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Arch Surg. 1994 Oct;129(10):1050-6.

One hundred consecutive hepatic resections. Blood loss, transfusion, and operative technique.

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  • 1Department of Surgery, Memorial Sloan-Kettering Cancer Center, New York, NY.

Abstract

BACKGROUND:

Hepatic resection is prone to significant blood loss. Adverse effects of blood loss and transfusion mandate improvements in surgical techniques to reduce blood loss and transfusion requirements.

METHODS:

One hundred hepatic resections were carried out using a standard surgical technique that includes control of the hilar structures, extrahepatic control of the hepatic veins, and use of the Pringle maneuver. Low central venous pressure and Trendelenburg positioning were used during parenchymal transection. Data were collected retrospectively in the first 36 patients, whereas data were collected prospectively in the remaining 64 patients.

RESULTS:

Hospital mortality was 3%. Median blood loss was 450, 700, 1000, 1100, and 1500 mL for segmental, nonanatomic, lobar, extended right, and extended left resections, respectively. Major resections were more likely than minor resections to be transfused with albumin (P = .008), fresh frozen plasma (P = .009), and packed red blood cells or whole blood (P = .04). Overall transfusion of packed red blood cells or whole blood occurred in 59 of 100 patients. In the 64 patients who were followed up prospectively, the predeposit of autologous blood decreased the need for homologous transfusions from 56% to 38%. A further reduction in the transfusion rate of 25% could have been possible if all patients in the prospective group had donated 2 U of autologous blood. Patients who predeposited blood were more likely to receive transfusions and to have had a transfusion more than 24 hours after surgery than were patients who did not donate blood.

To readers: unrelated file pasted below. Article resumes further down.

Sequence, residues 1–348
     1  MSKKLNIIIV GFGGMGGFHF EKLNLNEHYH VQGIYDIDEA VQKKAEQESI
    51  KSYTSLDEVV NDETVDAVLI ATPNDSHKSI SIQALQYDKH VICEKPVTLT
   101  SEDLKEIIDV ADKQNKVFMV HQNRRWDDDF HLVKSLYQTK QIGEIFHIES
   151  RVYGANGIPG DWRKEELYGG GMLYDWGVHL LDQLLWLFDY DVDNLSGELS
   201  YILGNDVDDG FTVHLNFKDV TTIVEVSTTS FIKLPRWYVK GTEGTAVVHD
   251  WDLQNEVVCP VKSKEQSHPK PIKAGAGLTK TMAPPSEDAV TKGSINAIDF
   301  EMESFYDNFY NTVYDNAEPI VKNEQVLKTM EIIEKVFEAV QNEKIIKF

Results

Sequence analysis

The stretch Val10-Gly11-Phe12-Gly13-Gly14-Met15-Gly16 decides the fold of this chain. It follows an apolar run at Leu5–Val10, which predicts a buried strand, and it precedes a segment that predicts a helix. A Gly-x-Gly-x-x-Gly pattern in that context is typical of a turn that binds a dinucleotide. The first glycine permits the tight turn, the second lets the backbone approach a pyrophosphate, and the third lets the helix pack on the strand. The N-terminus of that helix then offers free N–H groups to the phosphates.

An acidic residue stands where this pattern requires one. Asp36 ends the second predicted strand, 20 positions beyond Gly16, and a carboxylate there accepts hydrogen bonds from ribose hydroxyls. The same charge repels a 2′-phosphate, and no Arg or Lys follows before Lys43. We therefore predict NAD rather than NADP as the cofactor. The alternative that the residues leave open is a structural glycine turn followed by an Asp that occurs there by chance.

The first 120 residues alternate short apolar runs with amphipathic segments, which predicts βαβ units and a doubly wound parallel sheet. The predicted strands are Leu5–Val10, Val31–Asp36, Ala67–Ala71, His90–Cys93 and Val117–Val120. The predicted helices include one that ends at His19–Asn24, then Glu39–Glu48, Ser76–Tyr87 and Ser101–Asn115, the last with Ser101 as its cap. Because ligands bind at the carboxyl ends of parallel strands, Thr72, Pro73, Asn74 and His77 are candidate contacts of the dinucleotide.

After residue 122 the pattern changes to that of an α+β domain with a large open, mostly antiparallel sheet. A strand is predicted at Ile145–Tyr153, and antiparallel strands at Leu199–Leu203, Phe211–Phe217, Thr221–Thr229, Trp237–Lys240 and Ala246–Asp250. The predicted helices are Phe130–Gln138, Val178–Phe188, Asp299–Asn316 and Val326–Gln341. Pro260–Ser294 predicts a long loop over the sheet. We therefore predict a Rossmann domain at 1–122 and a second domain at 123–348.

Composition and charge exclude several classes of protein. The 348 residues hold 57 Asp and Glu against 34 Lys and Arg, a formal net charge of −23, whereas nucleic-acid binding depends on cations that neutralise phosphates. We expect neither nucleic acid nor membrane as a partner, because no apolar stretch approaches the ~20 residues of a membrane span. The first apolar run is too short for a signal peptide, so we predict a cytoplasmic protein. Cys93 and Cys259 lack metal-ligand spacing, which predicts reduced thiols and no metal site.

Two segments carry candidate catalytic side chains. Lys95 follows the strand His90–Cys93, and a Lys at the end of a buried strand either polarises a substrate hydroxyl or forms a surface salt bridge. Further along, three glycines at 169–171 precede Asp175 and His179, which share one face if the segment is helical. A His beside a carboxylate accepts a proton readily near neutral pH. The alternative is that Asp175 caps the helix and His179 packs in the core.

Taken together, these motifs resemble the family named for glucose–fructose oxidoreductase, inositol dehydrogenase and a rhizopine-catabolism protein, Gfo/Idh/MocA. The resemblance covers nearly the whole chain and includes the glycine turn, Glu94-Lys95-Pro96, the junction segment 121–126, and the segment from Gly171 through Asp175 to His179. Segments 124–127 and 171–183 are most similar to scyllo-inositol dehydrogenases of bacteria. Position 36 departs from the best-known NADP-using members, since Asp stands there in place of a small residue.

CONCLUSIONS:

The surgical techniques used results in acceptable blood loss and transfusion requirements for hepatic resection. This approach is safe, cost-effective, reproducible, and applicable for widespread use.

PMID:
7944934
[PubMed - indexed for MEDLINE]
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